How to Photograph a Face
Who’s got the cutest little baby face? Well, your own (or possibly your pet’s) face aside, as this is such a subjective decision the answer is most likely your own baby. Now that’s established the question as to how to photograph your own prize and joy in a way that captures their beauty remains.
I think a parent, most usually a mother, will identify certain behavioral aspects associated with their child and consider them as characteristics unique to that child. It’s certainly worthwhile trying to record such moments for posterity.
But as far as recording a pleasing likeness a few fundamental elements need to be considered.
Light the Child’s Face
Soft, gentle light will help bring the face to life with beautiful, luminous light. I achieve this with the use of physically large light sources, both indoors and outdoors. When inside a window works a treat, while outdoors I’II often move my subject into the shade. But not too far into the jungle, just a meter or two inside the shade is usually enough. This allows light in, but at a lower level and in a softer, more diffuse form.
Concentrate on the Eyes
As well as using light to bring the eyes to life, critical focusing on the eyes will further draw the viewers attention. The application of a shallow depth of field will further enhance the effect by deemphasizing the out of focus surroundings.
Treat the Frame like a Canvas
It’s important to pay attention to all parts of the frame. In the case of a portrait I generally like to situate my subjects against a background that’s darker than they are. This helps to bring out the shape of the head, particularly when the background is de-focused through a shallow depth of field.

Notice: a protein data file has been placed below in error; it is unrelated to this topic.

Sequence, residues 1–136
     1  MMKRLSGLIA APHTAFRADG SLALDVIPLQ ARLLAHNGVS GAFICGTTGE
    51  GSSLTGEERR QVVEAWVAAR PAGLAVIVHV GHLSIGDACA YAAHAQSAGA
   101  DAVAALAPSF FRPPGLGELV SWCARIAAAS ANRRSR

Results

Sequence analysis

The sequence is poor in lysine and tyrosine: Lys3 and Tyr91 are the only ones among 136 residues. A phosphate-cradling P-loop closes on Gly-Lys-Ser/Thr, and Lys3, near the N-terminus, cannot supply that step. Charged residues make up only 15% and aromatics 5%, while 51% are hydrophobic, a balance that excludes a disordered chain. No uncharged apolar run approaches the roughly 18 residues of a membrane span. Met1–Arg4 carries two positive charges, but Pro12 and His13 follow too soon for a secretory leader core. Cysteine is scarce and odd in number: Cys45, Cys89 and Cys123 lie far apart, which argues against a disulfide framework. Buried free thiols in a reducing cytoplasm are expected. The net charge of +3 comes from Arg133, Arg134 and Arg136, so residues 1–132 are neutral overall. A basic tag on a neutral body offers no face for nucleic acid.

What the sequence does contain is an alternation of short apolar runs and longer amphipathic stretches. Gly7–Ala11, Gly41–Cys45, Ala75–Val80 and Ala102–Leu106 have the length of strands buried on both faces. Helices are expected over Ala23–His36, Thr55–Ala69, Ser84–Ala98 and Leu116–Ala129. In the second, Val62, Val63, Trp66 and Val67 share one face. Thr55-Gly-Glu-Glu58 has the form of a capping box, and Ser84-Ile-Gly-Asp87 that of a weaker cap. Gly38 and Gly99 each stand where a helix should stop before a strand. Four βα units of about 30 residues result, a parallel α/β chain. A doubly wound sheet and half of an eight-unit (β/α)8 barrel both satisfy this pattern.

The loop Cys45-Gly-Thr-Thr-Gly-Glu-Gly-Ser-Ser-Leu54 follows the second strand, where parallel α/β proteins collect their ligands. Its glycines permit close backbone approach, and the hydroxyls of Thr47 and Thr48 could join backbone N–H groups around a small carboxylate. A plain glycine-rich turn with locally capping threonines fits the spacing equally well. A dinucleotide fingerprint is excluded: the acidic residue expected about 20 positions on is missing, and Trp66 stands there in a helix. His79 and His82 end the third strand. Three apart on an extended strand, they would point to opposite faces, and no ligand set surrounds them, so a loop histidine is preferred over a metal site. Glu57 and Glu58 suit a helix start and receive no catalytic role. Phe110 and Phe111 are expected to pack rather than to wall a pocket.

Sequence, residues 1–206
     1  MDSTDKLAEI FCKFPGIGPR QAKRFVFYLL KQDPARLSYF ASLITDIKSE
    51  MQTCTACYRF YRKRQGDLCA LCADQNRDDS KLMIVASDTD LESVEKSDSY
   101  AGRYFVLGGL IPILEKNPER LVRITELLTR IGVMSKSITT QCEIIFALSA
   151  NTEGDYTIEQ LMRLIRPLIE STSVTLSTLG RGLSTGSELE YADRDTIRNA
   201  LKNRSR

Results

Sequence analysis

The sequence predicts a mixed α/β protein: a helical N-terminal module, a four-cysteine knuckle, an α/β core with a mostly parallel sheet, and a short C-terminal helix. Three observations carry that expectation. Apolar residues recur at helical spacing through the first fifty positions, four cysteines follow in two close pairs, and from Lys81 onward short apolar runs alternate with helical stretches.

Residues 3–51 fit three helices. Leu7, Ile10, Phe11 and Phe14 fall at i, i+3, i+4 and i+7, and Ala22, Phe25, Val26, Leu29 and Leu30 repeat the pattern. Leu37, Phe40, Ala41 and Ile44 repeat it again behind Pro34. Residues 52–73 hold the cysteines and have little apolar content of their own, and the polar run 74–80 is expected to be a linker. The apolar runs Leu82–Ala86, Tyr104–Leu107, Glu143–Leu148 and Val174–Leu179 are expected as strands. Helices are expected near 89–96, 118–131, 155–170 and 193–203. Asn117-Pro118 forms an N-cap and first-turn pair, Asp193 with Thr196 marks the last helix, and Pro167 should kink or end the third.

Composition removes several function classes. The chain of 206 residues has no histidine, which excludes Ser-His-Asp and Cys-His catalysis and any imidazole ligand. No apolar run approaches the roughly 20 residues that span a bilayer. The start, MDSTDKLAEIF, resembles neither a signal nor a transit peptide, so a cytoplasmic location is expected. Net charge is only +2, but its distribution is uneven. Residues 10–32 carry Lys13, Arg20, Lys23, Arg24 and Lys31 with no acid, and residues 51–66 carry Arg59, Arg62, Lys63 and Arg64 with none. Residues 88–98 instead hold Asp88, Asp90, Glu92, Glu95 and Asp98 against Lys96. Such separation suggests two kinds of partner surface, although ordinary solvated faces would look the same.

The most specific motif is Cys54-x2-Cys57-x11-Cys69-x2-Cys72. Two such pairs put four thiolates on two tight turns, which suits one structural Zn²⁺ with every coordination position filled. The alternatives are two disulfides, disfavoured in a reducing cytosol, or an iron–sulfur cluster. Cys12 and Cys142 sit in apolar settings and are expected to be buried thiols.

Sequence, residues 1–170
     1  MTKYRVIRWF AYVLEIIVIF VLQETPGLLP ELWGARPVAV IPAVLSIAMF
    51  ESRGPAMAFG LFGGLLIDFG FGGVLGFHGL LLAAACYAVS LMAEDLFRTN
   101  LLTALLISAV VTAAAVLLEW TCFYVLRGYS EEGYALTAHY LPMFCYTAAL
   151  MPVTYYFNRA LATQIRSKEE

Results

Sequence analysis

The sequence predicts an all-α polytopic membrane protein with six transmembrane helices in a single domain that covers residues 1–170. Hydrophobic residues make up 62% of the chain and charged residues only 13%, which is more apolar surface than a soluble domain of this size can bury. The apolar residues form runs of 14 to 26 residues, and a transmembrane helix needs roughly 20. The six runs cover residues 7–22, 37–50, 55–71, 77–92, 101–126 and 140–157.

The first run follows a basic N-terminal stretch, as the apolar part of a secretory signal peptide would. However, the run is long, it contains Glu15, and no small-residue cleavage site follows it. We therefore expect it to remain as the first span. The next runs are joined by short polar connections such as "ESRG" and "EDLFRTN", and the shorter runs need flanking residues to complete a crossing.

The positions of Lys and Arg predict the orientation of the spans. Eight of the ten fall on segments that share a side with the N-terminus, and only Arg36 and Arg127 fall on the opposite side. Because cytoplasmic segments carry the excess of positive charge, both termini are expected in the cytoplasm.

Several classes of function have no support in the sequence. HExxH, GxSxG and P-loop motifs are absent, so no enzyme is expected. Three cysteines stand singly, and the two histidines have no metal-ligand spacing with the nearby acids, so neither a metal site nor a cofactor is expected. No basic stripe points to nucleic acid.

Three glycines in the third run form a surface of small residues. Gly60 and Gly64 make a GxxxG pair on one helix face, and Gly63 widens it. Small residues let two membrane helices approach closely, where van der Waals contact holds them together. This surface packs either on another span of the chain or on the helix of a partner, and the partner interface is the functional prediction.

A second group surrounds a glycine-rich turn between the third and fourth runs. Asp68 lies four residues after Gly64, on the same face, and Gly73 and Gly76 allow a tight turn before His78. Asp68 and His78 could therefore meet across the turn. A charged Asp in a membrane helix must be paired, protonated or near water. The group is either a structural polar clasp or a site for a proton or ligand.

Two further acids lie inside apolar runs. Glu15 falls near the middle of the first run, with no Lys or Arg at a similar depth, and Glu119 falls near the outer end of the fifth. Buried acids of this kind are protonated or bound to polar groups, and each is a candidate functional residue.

Timing is the Key
Once these fundamental aspects of light and composition are addressed it’s simply a matter of concentrating on expression and gesture. When it comes to portraiture, particularly of younglings, timing is the key. And you’ll be a position to preserve those special moments, in a way that’s fun for all involved, once you’ve attended to the fundamentals previously outlined.
Photography, like so manny other things is as hard as you want to make it. This is one of the reasons why I rarely discuss equipment in my regular blog posts. These posts, for the most part, are about photography of which equipment, while important, is by no means the be all and end all.
Do any of you like classical piano music? How much of your listening experience is determined by your knowledge of the particular piano being played. Likewise, owning the world’s best piano won’t do you a whole lot of good if you can’t play it.
When it comes to performance there’s technique (e.g., what a rock guitarist might refer to as chops) and then there’s the more intangible concepts of feeling and emotive playing. I believe this site’s posts live in the space between technique and feeling. I like to call that space experience (and I'm not referring to learning over time, but of simply existing in the moment - much the way we do during heightened states of connectedness) and I’m glad to be sharing that space with you now.
Glenn Guy, Travel Photography Guru